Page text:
By Magdalena Panońko, chief operating officer & head of delivery, GS Services Poland

GS Services logo do ramki


The past years have been extremely challenging for businesses, not only in Poland. Most companies have faced various issues stemming from the changing business environment, new technologies, cultural and societal changes, as well as global events. Such crises are part of business life and can also present opportunities for growth and development if appropriate actions are taken. Analysing the steps we have taken, as well as the actions of our clients, we see several elements that, alongside the obvious ones such as cost optimisation, are crucial for achieving our goals.

  • Analysis and adaptation, meaning understanding how current changes and problems affect our industry and company is crucial. This involves the need for an in-depth analysis of the situation, identifying threats and opportunities, and then adjusting our strategies accordingly. It’s important to also consider the price we will pay for achieving our set goals.
  • Innovation and diversification, which involves seeking new ways to provide value to customers or new market segments to conquer. Innovative products, services, or business models can help survive a crisis and build a competitive advantage.
  • Increasing operational flexibility by adjusting our processes and organisational structure to be more flexible and resilient to changes. This may include implementing remote work, flexible work schedules, outsourcing certain processes or positions.
  • Monitoring and adapting involve regularly analysing the market situation and reacting to changes. Tracking industry trends, analysing the competition, and responding to customer signals can help maintain the company’s competitiveness.
  • Customer focus – understanding customer needs and expectations – has become even more important. Focusing on providing valuable services tailored to changing customer needs can help maintain customer loyalty and acquire new contracts.
  • Partnerships and collaboration with other companies can benefit both parties, especially in times of global interdependencies and uncertainty. Strategic partnerships can help expand the range of services offered, reach new markets, or reduce costs while maintaining quality.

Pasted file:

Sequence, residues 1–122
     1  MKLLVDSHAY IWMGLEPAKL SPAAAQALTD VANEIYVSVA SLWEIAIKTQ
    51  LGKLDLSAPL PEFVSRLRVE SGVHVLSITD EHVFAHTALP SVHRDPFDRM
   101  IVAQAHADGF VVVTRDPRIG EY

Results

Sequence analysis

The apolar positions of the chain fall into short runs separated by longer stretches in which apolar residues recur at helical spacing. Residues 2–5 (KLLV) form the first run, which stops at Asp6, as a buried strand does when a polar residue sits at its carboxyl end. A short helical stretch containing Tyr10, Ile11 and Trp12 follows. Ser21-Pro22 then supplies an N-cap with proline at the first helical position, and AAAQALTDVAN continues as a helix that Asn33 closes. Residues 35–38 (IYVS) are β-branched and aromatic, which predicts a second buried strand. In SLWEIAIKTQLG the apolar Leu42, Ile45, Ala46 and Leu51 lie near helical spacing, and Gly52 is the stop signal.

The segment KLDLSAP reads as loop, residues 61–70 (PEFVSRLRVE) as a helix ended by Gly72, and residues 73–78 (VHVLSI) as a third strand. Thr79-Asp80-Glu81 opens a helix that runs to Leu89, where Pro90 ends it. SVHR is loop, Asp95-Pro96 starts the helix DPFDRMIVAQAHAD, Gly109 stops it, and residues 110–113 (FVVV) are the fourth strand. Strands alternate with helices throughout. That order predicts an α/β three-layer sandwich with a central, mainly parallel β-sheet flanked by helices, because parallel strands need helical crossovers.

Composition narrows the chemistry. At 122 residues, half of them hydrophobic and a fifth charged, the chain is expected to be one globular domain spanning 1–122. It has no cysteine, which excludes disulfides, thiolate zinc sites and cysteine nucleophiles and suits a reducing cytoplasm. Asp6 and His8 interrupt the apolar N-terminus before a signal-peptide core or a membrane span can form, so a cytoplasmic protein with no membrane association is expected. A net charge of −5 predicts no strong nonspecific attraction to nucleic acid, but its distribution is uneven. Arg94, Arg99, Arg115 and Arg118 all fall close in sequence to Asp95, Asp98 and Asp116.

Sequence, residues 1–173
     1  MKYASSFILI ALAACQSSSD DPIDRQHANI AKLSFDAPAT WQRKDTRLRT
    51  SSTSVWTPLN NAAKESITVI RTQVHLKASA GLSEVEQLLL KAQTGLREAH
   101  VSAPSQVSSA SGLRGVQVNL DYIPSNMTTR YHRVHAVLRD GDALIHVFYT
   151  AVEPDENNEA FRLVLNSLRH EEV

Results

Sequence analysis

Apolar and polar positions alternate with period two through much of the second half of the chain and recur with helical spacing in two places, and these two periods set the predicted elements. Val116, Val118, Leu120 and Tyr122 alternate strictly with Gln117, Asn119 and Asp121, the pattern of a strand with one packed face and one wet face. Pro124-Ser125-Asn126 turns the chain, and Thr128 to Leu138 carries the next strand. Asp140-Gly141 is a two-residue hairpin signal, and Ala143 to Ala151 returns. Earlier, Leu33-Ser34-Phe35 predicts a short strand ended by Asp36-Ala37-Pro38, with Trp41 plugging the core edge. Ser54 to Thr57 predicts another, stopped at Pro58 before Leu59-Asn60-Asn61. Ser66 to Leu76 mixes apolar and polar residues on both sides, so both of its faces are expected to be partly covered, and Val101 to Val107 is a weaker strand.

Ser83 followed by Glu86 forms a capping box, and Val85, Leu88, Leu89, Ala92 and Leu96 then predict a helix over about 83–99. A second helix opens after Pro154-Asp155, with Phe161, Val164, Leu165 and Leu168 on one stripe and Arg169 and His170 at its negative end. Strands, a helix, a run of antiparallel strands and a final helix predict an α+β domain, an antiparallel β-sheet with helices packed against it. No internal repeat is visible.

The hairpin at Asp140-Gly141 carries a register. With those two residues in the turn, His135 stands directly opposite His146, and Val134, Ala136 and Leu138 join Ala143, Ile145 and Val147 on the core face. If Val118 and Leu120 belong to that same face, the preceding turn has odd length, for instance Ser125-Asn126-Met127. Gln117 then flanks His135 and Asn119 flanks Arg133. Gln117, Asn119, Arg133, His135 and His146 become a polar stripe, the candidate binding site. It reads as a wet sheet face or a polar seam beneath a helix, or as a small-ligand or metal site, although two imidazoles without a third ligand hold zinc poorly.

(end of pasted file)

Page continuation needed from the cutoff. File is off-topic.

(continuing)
• Workforce flexibility, which means the need to adjust the employment structure to changing market needs. A flexible approach to the workforce, especially in the IT industry, such as using temporary workers, flexible forms of employment, or outsourcing workers, can help maintain the company’s financial liquidity and enable us to complete projects in a shorter time.
  • Monitoring regulations and legal norms involves being aware of changes in regulations and legal norms that may affect our industry.
  • Having contingency plans and different scenarios in case the situation worsens. Having a flexible action plan can help respond quickly to unexpected changes.

Flexibility, adaptability, and monitoring the business environment are crucial in coping with market uncertainty, alongside the ability to let go, implement changes, and sometimes even abandon set goals. It’s worth mentioning the concept of a learning organisation developed in the 1990s by Peter Senge in his book The Fifth Discipline, where he describes an organisation that continually improves its skills, knowledge, and capabilities to achieve lasting success in a dynamic and changing business environment. The main principles of this concept include:

  • Systems thinking: The learning organisation views the entire company as a comprehensive system in which the actions and decisions of one part affect the whole. Systems thinking involves understanding the interdependencies and consequences between different areas of the company’s operations.
  • Personal mastery: The learning organisation promotes the personal and professional development of employees, encouraging them to continuously improve their skills, expand their knowledge, and develop their potential. This requires the involvement of both employees and management in the learning process.
  • Mental models: The learning organisation recognises the existence and impact of mental models, hidden beliefs, thinking patterns, and assumptions that shape behaviour and decisions. Changing mental models is crucial for adapting to change and improving organisational effectiveness.
  • Shared vision: The learning organisation engages employees in jointly creating and setting goals and visions for the future of the company. A shared vision motivates employees to act and integrates their efforts in achieving strategic objectives.
  • Team learning: The learning organisation promotes collaboration and knowledge sharing among employees through building teams, joint projects and initiatives, and creating spaces for sharing experiences and best practices.
  • Systems thinking in planning and action: The learning organisation uses systems thinking in the process of planning and decision-making. It adheres to the principle that actions should be taken in the context of the whole system, taking into account long-term consequences.
  • Adaptation and innovation: The learning organisation is open to change and innovation, reacts flexibly to changing market conditions, and seeks new ways to solve problems and improve actions.

Implementing these principles and practices in our organisation helps us create a flexible and adaptive culture that allows us to effectively respond to changes and achieve lasting success in a dynamic and competitive business environment, as well as to help our clients achieve their goals.